"Let us deny the saboteurs and those with ulterior motives at home and abroad the opportunity to sow sedition, burn the nation and take us back in time."
In the latest bout of violence on March 22, protesters and Brotherhood supporters clashed outside the group's headquarters in the capital, Cairo.
The violence was rooted in an incident a week earlier when Brotherhood members slapped a woman to the ground and beat up other activists who were spray-painting graffiti against the group outside its headquarters in an eastern district of Cairo.
Several reporters at the scene were also attacked. The Brotherhood said they were part of the protest.
In response, anti-Brotherhood activists called for a protest at the headquarters. Both sides brought out hundreds of supporters, and the scene quickly turned violent.
The clashes deepened the schism in Egypt that has been steadily widening since Morsi came to office in June as the country's first freely elected president. The Islamist leader and his allies are in one camp, while moderate Muslims, liberals, seculars, minority Christians and a large segment of women are in the other.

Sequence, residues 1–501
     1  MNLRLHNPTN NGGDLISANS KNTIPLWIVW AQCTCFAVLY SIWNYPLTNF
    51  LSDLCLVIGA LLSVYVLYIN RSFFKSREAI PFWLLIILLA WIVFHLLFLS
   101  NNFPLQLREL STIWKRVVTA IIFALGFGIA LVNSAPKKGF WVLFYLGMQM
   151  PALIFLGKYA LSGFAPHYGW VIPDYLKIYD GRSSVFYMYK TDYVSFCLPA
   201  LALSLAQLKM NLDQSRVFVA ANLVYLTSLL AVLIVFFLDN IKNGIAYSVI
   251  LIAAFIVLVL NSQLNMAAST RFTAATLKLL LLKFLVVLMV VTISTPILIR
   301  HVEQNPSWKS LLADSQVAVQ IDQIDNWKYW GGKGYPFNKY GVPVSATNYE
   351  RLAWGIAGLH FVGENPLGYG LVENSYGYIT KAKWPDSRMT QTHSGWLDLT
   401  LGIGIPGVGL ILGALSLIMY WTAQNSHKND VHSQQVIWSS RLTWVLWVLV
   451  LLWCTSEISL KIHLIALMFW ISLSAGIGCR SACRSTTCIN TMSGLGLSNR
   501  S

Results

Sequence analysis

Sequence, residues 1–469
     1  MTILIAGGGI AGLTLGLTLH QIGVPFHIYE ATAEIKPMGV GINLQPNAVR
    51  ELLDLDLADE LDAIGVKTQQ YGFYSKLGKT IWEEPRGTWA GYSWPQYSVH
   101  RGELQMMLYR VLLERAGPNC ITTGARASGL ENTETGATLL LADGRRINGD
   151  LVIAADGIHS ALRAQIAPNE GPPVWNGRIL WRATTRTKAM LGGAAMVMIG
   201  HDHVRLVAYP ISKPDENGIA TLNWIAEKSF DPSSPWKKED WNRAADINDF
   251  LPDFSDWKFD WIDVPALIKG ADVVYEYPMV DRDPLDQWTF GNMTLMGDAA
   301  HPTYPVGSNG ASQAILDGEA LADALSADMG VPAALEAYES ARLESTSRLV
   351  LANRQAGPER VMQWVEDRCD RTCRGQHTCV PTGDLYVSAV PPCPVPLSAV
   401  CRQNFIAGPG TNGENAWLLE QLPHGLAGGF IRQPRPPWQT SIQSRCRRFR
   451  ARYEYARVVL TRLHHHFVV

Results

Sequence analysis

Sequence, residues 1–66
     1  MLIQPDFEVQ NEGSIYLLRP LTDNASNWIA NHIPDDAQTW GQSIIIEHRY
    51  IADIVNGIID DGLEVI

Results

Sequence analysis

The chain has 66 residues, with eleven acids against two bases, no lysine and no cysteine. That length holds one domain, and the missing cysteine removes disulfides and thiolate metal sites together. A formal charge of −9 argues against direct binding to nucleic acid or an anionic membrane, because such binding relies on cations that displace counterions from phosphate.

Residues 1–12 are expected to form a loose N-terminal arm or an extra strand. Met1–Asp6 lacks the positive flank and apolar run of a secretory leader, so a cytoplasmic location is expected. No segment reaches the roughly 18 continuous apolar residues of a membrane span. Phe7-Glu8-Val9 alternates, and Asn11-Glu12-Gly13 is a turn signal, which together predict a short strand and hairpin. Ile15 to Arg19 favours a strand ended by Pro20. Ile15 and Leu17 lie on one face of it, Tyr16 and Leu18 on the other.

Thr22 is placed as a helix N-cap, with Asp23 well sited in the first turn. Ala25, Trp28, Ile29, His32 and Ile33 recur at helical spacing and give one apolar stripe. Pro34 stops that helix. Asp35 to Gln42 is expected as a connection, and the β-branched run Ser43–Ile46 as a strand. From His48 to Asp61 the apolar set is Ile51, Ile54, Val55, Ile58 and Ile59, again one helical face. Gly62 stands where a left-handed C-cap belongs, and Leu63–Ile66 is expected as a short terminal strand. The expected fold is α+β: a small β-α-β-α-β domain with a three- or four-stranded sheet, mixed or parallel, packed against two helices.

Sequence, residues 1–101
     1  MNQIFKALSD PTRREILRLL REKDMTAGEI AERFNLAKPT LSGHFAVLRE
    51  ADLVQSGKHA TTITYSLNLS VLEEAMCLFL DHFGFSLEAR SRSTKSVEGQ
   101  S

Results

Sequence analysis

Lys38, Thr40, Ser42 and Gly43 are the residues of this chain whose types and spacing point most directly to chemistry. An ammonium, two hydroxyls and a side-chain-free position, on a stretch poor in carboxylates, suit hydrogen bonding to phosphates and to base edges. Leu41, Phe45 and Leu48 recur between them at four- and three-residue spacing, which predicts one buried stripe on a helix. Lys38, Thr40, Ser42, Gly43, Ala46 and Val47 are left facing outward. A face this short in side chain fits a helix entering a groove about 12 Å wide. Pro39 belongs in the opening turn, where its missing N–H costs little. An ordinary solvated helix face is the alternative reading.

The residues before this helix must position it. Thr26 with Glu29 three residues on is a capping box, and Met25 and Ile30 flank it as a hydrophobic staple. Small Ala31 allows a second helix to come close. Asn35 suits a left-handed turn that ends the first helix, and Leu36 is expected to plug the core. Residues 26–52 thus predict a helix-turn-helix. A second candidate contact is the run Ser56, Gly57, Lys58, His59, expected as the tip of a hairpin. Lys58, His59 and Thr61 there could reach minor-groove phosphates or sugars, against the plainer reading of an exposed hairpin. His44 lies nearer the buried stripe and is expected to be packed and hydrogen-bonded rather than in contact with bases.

Badie also sought to claim for the Brotherhood the mantle of protectors of the uprising that overthrew Mubarak.
He suggested that the pro-democracy youth groups universally credited with engineering the popular revolt played second fiddle to the Brotherhood, which emerged in the wake of Mubarak's ouster as Egypt's most dominant political force.
"Our movement, together with honorable members of the patriotic opposition, was the direct cause of (the revolution). Our (Brotherhood) youth provided its fuel and strength from the very start," he said.
He also credited the group with protecting the revolution by standing up to bands of Mubarak loyalists who attacked crowds in Tahrir Square.
Also on Thursday, a Cairo court ordered the release of Egypt's former oil minister, Sameh Fahmy, after a retrial was approved for him earlier this week. Fahmy is the latest member of Mubarak's former Cabinet to win a retrial after his 15-year sentence on corruption charges was annulled. He was accused of harming the country's interests by exporting natural gas to Israel for prices lower than those prevailing on world markets at the time.